The weekend puzzle in Le Monde this week is again about a clock.  Now, the clock has one hand and x ticks where a lamp is either on or off. The hand moves from tick to tick and each time the lights go on or off depending on whether or ... [Read more...]

### Le Monde puzzle [#738]

September 1, 2011 |

The Friday puzzle in Le Monde this week is about “friendly perfect squares”, namely perfect squares x2__10 and y2__10 with the same number of digits and such that, when drifting all digits of x2 by the same value a (modulo 10), one recovers y2. For instance, 121 is “friend” with 676. Here is ... [Read more...]

### Le Monde puzzle [#737 re-read]

August 27, 2011 |

As a coincidence, while I was waiting for the solution to puzzle #737 published this Friday in Le Monde, the delivery (wo)man forgot to include the weekend magazine and I had to buy it this morning with my baguette (as if anyone cares!). The solution is (y0,z0,w0)=(38,40,46) and…... [Read more...]

### Le Monde puzzle [#737]

August 26, 2011 |

The puzzle in the weekend edition of Le Monde this week can be expressed as follows: Consider four integer sequences (xn), (yn), (zn), and (wn), such that and, if u=(xn,yn,zn,wn), for i=1,…,4, if ui is not the maximum of u and otherwise. Find the first return ... [Read more...]

### Ternary sorting

July 24, 2011 |

The last Le Monde puzzle made me wonder about the ternary version of the sorting algorithms, which all seem to be binary (compare x and y, then…). The problem is, given (only) a blackbox procedure that returns the relative order of three arbitrary numbers, how many steps are necessary to ... [Read more...]

### Le Monde puzzle [#14.2]

May 14, 2011 |

I received at last my weekend edition of Le Monde and hence the solution proposed by the authors (Cohen and Busser) to the puzzle #14. They obtain a strategy that only requires at most 19 steps. The idea is to start with a first test, which gives a reference score S0, and ... [Read more...]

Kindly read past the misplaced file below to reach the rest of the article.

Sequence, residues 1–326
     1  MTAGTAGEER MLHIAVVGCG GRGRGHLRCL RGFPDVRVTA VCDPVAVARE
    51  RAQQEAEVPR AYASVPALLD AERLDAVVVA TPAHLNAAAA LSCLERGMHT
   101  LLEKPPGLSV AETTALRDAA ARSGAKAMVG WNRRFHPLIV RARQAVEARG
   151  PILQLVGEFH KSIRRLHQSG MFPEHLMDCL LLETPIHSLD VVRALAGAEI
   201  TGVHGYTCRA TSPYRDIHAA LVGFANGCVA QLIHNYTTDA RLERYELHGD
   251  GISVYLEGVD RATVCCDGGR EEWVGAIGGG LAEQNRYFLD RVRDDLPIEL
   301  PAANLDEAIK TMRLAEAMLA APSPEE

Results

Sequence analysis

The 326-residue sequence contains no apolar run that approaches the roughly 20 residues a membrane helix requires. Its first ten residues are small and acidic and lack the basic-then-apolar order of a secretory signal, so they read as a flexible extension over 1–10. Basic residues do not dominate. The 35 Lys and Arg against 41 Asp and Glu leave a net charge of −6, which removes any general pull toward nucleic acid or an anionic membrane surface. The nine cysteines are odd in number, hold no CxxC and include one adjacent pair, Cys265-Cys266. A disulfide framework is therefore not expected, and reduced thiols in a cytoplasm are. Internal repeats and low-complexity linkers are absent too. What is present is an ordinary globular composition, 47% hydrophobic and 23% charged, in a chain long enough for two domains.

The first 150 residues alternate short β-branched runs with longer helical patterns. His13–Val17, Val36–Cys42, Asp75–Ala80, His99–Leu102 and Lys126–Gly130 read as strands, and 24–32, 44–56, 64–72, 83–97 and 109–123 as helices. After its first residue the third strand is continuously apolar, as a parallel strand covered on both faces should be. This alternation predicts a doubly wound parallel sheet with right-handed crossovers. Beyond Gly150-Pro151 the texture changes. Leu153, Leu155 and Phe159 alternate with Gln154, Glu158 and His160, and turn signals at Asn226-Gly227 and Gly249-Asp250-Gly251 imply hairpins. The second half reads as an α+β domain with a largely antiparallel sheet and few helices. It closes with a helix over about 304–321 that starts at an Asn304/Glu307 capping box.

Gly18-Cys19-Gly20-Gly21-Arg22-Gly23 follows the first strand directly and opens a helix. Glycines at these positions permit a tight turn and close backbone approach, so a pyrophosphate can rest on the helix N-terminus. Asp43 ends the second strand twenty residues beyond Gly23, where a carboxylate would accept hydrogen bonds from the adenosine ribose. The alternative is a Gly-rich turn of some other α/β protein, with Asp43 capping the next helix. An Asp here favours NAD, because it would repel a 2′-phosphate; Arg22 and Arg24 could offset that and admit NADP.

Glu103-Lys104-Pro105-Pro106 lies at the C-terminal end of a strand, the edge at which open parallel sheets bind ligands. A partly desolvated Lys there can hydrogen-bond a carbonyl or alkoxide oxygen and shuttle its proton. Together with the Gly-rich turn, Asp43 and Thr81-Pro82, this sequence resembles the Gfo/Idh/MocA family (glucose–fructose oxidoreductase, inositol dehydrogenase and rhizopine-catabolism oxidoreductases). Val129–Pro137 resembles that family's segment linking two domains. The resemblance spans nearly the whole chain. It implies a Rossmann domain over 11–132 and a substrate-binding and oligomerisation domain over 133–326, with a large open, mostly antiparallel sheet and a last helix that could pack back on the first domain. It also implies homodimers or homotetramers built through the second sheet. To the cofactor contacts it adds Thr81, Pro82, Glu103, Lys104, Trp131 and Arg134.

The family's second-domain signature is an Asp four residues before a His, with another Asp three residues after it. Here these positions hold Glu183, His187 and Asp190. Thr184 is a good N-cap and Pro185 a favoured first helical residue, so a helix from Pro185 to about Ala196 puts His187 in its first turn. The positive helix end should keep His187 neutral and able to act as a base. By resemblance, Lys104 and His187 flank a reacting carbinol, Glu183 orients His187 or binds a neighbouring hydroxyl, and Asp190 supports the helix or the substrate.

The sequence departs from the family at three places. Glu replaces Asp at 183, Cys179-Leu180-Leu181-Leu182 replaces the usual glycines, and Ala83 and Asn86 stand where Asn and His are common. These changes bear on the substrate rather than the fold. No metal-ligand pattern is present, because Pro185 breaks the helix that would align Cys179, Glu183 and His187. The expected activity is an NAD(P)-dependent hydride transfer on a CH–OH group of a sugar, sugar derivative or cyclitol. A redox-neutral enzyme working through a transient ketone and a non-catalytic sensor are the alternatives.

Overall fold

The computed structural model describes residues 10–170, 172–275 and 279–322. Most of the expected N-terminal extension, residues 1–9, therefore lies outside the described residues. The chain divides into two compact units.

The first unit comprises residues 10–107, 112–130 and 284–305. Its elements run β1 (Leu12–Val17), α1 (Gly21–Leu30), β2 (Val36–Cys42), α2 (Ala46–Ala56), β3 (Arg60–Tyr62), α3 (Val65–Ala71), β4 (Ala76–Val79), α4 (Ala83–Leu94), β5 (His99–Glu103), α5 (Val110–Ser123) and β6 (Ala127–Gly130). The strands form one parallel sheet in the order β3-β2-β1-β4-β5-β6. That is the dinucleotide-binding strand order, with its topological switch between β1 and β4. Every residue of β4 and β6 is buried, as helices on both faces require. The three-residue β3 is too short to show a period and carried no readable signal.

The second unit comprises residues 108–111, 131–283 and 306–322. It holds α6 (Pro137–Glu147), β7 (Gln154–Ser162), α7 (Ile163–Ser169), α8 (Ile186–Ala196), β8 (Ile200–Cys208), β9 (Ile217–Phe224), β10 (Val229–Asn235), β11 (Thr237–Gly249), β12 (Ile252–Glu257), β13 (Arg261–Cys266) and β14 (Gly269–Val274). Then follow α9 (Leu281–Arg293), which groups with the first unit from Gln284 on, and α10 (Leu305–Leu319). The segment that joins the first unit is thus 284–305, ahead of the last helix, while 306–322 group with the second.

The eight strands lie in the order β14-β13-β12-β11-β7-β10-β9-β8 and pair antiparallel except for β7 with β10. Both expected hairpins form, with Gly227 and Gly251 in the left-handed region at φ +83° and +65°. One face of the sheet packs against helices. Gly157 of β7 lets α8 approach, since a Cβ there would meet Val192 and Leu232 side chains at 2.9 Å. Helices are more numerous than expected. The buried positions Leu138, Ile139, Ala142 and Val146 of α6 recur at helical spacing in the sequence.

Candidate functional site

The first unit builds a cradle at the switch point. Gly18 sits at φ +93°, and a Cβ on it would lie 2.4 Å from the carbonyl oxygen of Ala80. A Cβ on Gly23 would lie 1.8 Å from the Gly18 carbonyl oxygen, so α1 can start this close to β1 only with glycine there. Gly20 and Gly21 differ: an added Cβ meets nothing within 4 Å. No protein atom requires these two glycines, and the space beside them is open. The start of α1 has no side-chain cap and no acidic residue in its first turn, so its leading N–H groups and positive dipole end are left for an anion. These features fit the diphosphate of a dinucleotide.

### Le Monde puzzle [#14]

May 13, 2011 |

Last week Le Monde puzzle (I have not received this week issue yet!) was about deriving an optimal strategy in less than 25 steps for finding the 25 answers to a binary multiple choice test, when at each trial, only the number of correct answers is known. Hence, if the correct answers ... [Read more...]

### Le Monde puzzle [#8]

March 29, 2011 |

Another mathematical puzzle from Le Monde that relates to a broken calculator (skipping the useless tale): Given a pair of arbitrary positive integers (x,y) a calculator can either substract the same integer [lesser than min(x,y)] from both x and y or multiply either x or y by 2. ... [Read more...]

### Le Monde puzzle [#7]

March 26, 2011 |

The mathematical puzzle from the weekend edition of Le Monde from a few weeks ago was not too hard to solve by induction but my R code failed miserably! The puzzle was as follows: A calculator is broken in such a way that it starts by exhibiting 0, then pressing 4, 6 or 0 ... [Read more...]

### Le Monde puzzle [#6]

February 17, 2011 |

A simple challenge in Le Monde this week: find the group of four primes such that any sum of three terms in the group is prime and the overall sum is minimised. Here is a quick exploration by simulation, using the schoolmath package (with its imperfections): A=primes(start=1,end=53)[... [Read more...]